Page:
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A Tour of Tektite Teardrops

On our planet, the grand cabinet of curiosities contains a very limited range of glass teardrops. Volcanic eruptions can form fire-fountain droplets like Pele’s Tears that take their name from Hawaiian traditions. Occasionally, lightning strikes and electrical discharges produce a spatter of glassy droplets, termed “exogenic fulgurites”. I am sure there must be a variety of glassy droplets in coal seam fire slag, but I have no examples. Volcanoes and lightning caused a few tears to fall, but most of Earth’s tears were shed on the occasions when our planet was visited with exceedingly great violence by big rocks from space.

In nearly every instance where glassy impactites formed, teardrops are abundantly represented. As with the dumbbell morphologies described in the last edition, teardrops range in size from hundreds of grams down to microtektite dust.

It seems right to begin this tour of tektite teardrops with a tip of the hat to the world’s most beautiful. The deeply etched stones of Besednice, Czech Republic, have no rivals. As the glass solidified some 15 million years ago, symmetrical stress patterns were frozen into the glass which served to guide soil acids that exposed the detail.

These Besednice moldavite treasures came from a depth of 4 meters in an area no bigger than a football field. Nothing quite like them is known in the entire world. To recover a flawless piece of this fragile character required hand digging with utmost caution. The deposit is now completely mined out and turned to parkland.

I consider Besednice moldavites to be among the most beautiful natural jewels of the planet. I get lost in daydreams when I consider the day raindrops of green glass fell from the sky! I have written of this before in this column, but the moldavite rain picture is worthy of repetition.

The idea that teardrops are parted dumbbells has been too generally applied. Some certainly are of that origin, but I believe most are simple bulbous splatters. In the case of moldavite rain, hardly any dumbbells fell, maybe one dumbbell for every hundred teardrops. I find it easier to imagine a rain of primary drops than to suppose that they are all parted dumbbells AND that most all of the dumbbells that once were, parted.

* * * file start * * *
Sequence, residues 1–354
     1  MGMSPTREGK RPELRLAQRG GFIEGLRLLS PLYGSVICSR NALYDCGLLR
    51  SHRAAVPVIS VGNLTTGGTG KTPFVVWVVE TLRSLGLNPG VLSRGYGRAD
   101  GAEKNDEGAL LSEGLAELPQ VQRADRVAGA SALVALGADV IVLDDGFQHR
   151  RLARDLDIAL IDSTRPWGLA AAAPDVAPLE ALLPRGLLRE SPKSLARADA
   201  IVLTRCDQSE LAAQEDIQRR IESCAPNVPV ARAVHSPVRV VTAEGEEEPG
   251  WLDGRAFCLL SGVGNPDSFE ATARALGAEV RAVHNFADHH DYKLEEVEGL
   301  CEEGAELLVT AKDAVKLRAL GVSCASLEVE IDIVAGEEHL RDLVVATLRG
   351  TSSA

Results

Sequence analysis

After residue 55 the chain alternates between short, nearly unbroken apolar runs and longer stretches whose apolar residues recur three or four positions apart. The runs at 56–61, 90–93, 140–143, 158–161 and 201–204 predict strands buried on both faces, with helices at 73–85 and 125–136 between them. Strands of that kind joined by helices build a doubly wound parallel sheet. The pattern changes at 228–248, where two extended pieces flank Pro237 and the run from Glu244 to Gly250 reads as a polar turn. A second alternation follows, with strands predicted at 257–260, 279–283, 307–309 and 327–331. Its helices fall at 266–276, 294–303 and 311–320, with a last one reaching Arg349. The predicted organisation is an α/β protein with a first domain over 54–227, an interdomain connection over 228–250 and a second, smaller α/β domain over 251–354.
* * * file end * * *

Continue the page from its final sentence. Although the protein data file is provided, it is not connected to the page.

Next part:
In addition to the geographic and temporal diversity of earth’s tears, the tears themselves come in many forms, best illustrated by an array of 800,000 year Indochinite teardrops. The variations in shape are the result of secondary deformation (which I call “splatting”). It is apparent from these forms that the teardrops fell with differing angles of attack while still plastic. Side-on elongate watermelon seeds, angled golf-clubs, straight on Hershey’s kisses, long bulbous tears, short stout ones, and every other variation.

The lower size limit for Indochinites is restricted by the depth of skin ornamentation: once deep pitting reaches in from all sides and both ends on a small object, primary form is lost. We see very few tiny Indochinite teardrops simply because they did not survive.

This superb Georgiaite is a particular source of pride and joy. With some 35 million birthdays to its credit and a recent history of annual churning under an iron plow, this amazing teardrop has survived without a flaw. It has been featured in two Georgia textbooks. It was found near Riddleville, Washington County, Georgia.
While both Georgiaites and Bediasites are associated with the Chesapeake Bay impact, there is a peculiar color difference between the two. Georgiaites are mostly shades of straw yellowand quite transparent, while bediasites have darker molasses tints if they transmit light at all. I don’t have an explanation.

Australite teardrops offer some special fun. Of all the world’s tektites, none have thermal ablation features so characteristically as Australites. Far-traveled members of the 800,000 year Indo-Australian tektite event, Australites commonly show evidence of frontal remelting or thermal spallation related to atmospheric re-entry. This superb example features a side-on attack angle (towards my thumb). The combination of expanding white-hot frontal surfaces with the vacuum-refrigerated posterior resulted in explosive spallation of flakes from the frontal surface. The flake scars are particularly evident on this ablated teardrop Australite.

Figure 8 presents a sampling of the earth tears in our collection. Moldavites, Georgiaites, Philippinites, Indochinites, Malaysianites, and Australites are all tektites. Darwin glass, Wabar glass, Aouelloul glass, Atacamaites, and Irghizites are considered to be impactites. Pele’s tears are terrestrial volcanic.

Included in the image are two pseudotektites that can sometimes have nice teardrop forms: Healdsburgites and Saffordites. When closely examined, it will be noted that internal banding does not conform to the physical form of the stone. Their shapes are erosional accidents. This should serve as a reminder: Some things just look like tektites. Some things just look like teardrops.

Glass is unstable over geologic time, so we know little of tektite-producing events before the 35 million year North American Georgiaite/Bediasite event. From that time forward, at least five glass storms are given evidence in the form of tektites. It is the testimony of the tektite teardrops that at random intervals averaging once in every 5 or 10 million years, somewhere on earth showers of molten glass rain down from the sky. It will happen again. These stones give you some idea what to expect. Real preppers will wear hardhats when outdoors.

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